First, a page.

Listening Guide: In The Moment Ep. 37


In episode #37 of In The Moment, Chief Correspondent Steve Scher talked with Alva Noë (5:48) about the philosophy of baseball. Noë explores the benefits of a slow and easy game and how it provides time and room for reflection. He asserts that, in a way, we’re all playing the game by asking the same questions as the players do in the moment. The pair pays tribute to ex-Mariners player Ichiro Suzuki and the generational magic of watching a game with your kids, meeting the players, and catching a ball. 

Host Jini Palmer talked with Edward Wolcher and Megan Castillo (17:50), Town Hall’s Curator of Lectures and Community Engagement Manager, about our upcoming Homecoming festival in September. They tell us about the lineup of speakers, artists, and fun unique programs in store—what’s new, what to expect, and what to look out for. 


Still Curious?

-Hear a Big Think interview with Alva Noë discussing contemporary research on human consciousness.

-Join Edward Wolcher for a discussion on solving climate change in an August installment of Town Hall’s beloved Penny University series.

-Check out Town Hall’s Homecoming Festival lineup!

Listening Guide: In The Moment Ep. 36


In episode #36 of In The Moment, Correspondent Grace Madigan sits down with Ed Levine (3:33) to explore his journey and the inspirations that led him to create his food blog Serious Eats. Levine names some of his favorite foods and food memories, and delves into the ways his passion for food has always brought him joy.

Chief Correspondent Steve Scher talks with Charles Fishman (12:07) about the unsung heroes of NASA behind our trip to the moon. Although the astronauts got all the coverage at the time, Fishman talks about his fascination with the people involved behind the scenes. Fishman and Steve chat about how people love space—whether it’s the hardware, the equipment, or the museums. They close with a discussion of the ways in which the things we do on earth requires outreach and investment into space in the form of satellites and other infrastructure.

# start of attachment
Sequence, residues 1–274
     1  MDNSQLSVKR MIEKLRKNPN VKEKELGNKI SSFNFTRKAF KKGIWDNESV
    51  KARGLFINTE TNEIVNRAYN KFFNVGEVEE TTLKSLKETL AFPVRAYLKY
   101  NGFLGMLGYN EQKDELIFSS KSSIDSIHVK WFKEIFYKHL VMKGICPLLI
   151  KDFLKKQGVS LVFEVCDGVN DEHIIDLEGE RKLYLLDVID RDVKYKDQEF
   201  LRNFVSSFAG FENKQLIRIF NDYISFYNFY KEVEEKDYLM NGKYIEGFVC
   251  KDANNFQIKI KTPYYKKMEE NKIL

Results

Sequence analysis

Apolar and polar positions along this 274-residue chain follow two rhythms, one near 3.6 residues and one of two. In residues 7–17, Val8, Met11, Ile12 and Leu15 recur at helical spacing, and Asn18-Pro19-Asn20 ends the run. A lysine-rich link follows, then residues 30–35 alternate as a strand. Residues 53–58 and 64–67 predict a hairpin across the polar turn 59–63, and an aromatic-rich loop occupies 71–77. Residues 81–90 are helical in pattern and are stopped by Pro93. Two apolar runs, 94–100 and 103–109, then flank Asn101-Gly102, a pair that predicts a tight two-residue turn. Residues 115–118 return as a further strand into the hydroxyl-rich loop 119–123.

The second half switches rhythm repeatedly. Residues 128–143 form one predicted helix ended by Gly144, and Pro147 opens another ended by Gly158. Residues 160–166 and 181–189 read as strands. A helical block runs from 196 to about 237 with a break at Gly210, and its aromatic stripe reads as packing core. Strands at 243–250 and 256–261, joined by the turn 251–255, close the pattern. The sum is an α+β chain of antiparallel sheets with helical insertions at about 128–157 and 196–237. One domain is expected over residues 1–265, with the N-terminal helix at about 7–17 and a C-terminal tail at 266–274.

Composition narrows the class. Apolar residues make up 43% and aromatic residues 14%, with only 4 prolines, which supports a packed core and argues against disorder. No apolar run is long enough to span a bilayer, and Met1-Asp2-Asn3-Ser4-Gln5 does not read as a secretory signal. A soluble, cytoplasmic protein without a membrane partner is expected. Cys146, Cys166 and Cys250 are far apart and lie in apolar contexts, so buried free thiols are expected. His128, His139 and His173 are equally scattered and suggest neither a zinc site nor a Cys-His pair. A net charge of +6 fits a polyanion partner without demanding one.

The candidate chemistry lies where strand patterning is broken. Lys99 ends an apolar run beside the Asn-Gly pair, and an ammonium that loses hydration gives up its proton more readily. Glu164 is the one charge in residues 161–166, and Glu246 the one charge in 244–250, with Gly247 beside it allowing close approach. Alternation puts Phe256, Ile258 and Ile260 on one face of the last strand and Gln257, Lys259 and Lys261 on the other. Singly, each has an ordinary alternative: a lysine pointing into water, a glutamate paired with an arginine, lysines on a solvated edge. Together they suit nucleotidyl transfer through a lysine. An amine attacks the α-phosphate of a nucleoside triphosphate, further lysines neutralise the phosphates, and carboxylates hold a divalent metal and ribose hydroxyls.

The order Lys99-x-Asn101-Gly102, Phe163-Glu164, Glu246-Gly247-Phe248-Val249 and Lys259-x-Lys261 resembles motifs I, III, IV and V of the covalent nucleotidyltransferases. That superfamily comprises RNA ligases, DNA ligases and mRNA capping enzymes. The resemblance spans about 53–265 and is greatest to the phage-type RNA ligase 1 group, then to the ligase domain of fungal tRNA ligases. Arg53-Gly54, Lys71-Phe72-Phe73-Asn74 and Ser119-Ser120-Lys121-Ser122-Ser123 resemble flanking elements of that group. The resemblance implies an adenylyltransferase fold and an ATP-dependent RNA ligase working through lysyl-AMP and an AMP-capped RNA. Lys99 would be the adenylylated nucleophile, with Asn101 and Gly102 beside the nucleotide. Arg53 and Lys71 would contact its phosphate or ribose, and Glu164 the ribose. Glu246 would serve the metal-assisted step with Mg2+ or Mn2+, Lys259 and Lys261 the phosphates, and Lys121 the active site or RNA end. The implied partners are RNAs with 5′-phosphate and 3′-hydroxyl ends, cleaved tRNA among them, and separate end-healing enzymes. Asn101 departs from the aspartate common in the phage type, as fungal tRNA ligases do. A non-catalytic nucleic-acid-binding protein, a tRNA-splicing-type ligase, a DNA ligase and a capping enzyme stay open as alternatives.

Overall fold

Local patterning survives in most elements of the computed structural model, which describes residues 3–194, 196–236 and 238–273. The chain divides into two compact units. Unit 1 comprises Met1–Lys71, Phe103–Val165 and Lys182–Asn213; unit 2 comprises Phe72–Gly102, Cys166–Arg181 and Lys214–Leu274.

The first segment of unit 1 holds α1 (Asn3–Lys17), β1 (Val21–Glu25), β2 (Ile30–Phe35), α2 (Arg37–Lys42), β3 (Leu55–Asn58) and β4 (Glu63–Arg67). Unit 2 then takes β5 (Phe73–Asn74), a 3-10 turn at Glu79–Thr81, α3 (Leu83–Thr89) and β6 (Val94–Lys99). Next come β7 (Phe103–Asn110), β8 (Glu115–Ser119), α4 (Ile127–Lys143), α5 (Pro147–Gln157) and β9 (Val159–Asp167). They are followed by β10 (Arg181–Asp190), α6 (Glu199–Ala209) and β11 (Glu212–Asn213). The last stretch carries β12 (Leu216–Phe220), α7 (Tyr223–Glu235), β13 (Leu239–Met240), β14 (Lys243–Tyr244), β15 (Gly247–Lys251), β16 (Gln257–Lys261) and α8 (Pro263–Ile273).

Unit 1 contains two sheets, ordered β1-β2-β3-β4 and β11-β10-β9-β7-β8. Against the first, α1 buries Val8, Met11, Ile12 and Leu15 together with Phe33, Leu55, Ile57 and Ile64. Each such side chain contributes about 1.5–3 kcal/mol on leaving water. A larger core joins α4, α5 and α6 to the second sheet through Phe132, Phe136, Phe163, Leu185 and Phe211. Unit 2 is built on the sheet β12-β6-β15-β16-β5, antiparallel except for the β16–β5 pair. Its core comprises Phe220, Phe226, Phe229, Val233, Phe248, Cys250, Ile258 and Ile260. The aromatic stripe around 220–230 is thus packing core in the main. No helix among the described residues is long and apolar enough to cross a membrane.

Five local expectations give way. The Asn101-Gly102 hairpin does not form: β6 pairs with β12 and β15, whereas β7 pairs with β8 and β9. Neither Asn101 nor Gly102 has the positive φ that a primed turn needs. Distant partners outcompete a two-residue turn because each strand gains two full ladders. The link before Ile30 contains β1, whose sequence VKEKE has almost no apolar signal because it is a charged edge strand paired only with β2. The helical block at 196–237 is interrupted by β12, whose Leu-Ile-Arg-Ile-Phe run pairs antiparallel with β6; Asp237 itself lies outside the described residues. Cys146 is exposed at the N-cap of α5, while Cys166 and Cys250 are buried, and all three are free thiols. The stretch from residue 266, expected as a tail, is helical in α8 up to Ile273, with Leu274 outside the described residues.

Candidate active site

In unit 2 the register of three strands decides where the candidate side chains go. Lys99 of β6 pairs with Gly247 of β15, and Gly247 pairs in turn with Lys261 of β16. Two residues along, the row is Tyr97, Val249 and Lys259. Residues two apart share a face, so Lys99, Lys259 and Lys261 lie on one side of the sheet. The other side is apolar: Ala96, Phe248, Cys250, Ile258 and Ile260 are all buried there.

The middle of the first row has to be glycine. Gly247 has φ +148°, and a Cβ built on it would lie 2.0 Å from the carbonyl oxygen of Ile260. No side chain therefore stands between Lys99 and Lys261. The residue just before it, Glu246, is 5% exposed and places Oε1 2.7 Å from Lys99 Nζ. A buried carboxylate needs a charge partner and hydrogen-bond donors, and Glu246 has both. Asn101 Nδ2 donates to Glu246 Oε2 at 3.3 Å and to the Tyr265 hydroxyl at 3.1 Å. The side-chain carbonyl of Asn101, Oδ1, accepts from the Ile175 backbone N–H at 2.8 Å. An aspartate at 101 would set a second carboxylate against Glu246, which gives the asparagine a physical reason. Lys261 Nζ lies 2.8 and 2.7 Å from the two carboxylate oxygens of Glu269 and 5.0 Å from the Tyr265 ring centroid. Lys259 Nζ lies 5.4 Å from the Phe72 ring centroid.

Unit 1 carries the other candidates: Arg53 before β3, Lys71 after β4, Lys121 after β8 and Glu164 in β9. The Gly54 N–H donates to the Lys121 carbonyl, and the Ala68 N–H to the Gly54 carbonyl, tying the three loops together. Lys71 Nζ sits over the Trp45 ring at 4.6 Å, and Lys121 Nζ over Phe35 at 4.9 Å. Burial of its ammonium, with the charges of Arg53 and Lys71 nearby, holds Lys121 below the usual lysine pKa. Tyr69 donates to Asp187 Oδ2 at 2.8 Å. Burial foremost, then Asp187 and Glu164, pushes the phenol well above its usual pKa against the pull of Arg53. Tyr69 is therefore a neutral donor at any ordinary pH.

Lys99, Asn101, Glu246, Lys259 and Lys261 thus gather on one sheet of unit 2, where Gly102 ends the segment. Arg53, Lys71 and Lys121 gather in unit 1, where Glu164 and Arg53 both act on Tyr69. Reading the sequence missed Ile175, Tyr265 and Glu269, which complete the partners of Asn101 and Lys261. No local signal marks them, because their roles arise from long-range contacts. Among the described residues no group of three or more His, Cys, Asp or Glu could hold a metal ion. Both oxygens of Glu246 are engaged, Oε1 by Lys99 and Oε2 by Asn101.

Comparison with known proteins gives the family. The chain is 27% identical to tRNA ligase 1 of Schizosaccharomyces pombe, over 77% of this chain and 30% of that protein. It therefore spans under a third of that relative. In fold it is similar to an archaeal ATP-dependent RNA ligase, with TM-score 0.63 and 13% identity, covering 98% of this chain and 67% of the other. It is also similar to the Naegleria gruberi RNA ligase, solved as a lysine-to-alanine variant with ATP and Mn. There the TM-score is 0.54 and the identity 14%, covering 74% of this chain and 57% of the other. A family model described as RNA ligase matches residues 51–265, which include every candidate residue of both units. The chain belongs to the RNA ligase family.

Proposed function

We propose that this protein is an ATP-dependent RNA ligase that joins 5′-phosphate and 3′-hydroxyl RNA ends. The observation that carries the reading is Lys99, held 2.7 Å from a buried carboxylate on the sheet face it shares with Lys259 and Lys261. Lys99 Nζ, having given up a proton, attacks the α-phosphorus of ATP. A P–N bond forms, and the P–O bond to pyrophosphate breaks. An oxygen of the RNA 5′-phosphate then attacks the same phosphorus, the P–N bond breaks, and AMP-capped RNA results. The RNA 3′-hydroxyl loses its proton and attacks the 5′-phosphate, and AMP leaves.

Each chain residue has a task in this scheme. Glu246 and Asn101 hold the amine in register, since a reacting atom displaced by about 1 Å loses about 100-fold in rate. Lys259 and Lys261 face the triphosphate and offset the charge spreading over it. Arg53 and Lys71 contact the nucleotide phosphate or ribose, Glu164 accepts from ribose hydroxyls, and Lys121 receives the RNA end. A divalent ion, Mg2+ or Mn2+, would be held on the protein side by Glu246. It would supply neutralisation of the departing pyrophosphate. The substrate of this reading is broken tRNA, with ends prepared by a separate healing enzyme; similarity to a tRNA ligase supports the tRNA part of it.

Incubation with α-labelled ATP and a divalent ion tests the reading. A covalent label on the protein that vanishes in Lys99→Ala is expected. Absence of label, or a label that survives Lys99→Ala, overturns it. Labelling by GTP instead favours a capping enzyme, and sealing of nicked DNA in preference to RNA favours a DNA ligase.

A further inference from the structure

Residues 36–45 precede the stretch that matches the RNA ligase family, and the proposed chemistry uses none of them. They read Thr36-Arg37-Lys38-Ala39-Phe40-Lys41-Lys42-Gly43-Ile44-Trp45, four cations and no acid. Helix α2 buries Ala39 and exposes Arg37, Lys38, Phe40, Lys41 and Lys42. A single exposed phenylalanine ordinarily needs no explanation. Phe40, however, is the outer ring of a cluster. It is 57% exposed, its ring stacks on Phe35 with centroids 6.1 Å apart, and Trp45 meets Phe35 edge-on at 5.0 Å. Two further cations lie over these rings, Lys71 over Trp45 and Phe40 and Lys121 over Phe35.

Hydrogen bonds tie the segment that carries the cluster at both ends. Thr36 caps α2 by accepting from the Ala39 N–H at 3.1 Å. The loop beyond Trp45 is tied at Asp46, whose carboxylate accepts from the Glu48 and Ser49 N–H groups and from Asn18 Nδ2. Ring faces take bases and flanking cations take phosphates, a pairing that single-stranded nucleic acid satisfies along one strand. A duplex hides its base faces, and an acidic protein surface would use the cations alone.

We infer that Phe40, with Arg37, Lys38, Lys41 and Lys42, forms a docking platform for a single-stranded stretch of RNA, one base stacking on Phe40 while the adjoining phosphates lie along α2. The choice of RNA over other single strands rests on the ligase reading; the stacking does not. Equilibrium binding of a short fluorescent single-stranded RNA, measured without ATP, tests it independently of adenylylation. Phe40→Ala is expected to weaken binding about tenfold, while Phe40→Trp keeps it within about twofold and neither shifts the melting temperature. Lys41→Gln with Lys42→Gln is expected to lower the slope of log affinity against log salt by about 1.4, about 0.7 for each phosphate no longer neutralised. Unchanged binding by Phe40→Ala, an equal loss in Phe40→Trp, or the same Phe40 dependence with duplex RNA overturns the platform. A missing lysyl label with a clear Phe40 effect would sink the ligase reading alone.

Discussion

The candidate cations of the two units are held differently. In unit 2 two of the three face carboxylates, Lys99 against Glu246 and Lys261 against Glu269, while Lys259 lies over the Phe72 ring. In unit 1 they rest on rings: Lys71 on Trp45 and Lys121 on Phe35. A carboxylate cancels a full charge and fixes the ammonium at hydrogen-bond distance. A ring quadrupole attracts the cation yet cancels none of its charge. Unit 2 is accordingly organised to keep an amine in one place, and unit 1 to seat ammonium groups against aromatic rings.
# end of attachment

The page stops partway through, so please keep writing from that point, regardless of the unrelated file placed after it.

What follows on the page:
Host Jini Palmer highlights a segment from Lee McIntyre (21:49) in his June 3 program in defense of science. McIntyre contends that scientific evidence can’t be used to convince people who don’t believe in evidence. He tells us that in order to sway anti-evidence thinkers, we need to influence their reasoning and establishing trust. McIntyre outlines how people often believe speakers who they think they can trust rather than listening to facts, data, and science. With the rise of the information age, McIntyre asserts that people can go online and find multiple arguments—many of which are conspiratorial and unsupported—that support their views. He closes by arguing that this trend is creating what he calls a “culture of denial.”

Still Curious?

Charles Fishman appeared on NPR’s Fresh Air to discuss his upcoming book about the 1969 moon landing, One Giant Leap.

-Check out Ed Levine’s blog Serious Eats—just be prepared to get hungry!

In an interview with CBC Radio, Lee McIntyre expounds on the “culture of denial” facing modern science.

Listening Guide: In The Moment Ep. 34

Episode 34:

Bonus Content:

This listening guide is a two-parter! In episode #34 of In The Moment, Chief Correspondent Steve talks with Rachel Louise Snyder (5:25) about her research on domestic abuse and sexual intimate partner violence. Snyder upends many myths and misunderstandings about what is commonly called “domestic violence.” She outlines how even the language we use doesn’t fully capture its insidiousness. Snyder addresses domestic violence as a global epidemic and talks about how some people are trying to end it.

Host Jini Palmer covers a conversation between Executive Director Wier Harman and Town Hall founder David Brewster (15:51). Wier and David spoke at this year’s Director’s Dinner about Town Hall’s past, present and future. David gives us a glimpse into some of the problems he ran into when trying to get Town Hall off the ground, and they banter about the visions and plans for Town Hall that have stayed true since the beginning.